Erika Murray in court Friday. (Karyn Regal/WBZ NewsRadio)
WORCESTER, Mass. (WBZ NewsRadio) — Closing arguments finished in the murder and child neglect trial of Erika Murray Friday, and her fate now lies with Judge Janet Kenton-Walker.
That's because Murray, the mother at the center of the so-called Blackstone "house of horrors" case, requested a bench trial; there has been no jury present over the last two weeks of testimony.
Murray faces a charge of second-degree murder, as well as several charges of child neglect and animal abuse. The remains of three infants were found in her Blackstone home in 2014; while one was found to have been stillborn and Judge Kenton-Walker said there wasn't enough evidence to conclude a second was ever alive, Murray remains accused of killing the third.
She's also accused of hiding a three-year-old and five-month-old from the world in a squalid, darkened home, and keeping her two older children unaware that the younger ones were even related to them.
WEB EXTRA: A Look At The Blackstone 'House Of Horrors' Trial
In his closing, Prosecutor Christopher Hodgens talked about how Murray is accused of leaving the toddler and baby alone in rooms covered in trash, feces, and insects—and keeping the remains of the three infants in closets.
"She dumped them in a closet, like objects," Hodgens said.
Hodgens said Murray didn't care about any of her seven children except her two oldest.
"There were two sets of rules for children—one for the wanted and the neighbor's children, and one for the unwanted," he said.
He claims Murray knew right from wrong, and knew that she had done something terrible.
"If we look at what she said to [one of her older children] on that day when the veil was lifted, we have our answer," Hodgens said. "She said, 'How could you do this to me?'"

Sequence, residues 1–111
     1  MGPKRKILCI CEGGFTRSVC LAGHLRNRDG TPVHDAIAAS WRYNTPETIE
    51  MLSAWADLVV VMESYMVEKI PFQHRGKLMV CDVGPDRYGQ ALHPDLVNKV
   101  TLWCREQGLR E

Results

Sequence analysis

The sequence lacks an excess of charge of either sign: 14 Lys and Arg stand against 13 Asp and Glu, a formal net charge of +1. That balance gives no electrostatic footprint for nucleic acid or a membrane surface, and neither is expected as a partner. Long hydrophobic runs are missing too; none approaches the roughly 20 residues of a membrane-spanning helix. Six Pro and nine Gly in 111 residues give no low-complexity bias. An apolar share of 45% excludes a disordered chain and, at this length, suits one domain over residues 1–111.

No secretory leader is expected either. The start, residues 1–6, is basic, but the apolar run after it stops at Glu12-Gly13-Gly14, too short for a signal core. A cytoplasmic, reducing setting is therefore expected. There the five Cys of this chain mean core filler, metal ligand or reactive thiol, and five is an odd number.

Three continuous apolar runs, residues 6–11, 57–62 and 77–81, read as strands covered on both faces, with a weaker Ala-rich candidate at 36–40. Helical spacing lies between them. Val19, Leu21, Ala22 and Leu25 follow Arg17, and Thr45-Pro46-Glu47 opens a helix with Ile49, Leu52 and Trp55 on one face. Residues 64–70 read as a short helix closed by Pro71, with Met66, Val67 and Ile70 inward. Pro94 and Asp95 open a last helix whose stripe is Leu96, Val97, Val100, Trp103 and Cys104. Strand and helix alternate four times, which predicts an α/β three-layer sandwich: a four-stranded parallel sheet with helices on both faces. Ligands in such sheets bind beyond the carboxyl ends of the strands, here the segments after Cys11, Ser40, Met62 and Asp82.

Defense attorney Keith Halpern, however, claims Murray was the victim of her long-time boyfriend, Ray Rivera. Halpern presented mental health experts in Worcester Superior Court who said Murray wasn't capable of being a good mother and didn't understand the condition of her home. In his closing, he claimed Murray didn't have the capacity to understand how bad things were, or that her children were in danger.
"When you look inside the 'house of squalor,' you don't find evidence of a murder," Halpern said, becoming emotional. "You find suffering, and fear, and abuse, and mental illness, and terrible isolation and loneliness—and you find innocent kids who were hurt by it all."
Halpern claims prosecutors weren't objective in their appraisal of the situation, having been so taken aback by the conditions inside the home. He claims they don't have proof that Murray intentionally harmed the children.
"There is nothing there other than speculation—'What are the odds that the baby died of natural causes?'—and that's not evidence," Halpern said.
WBZ NewsRadio's Karyn Regal (@Karynregal) reports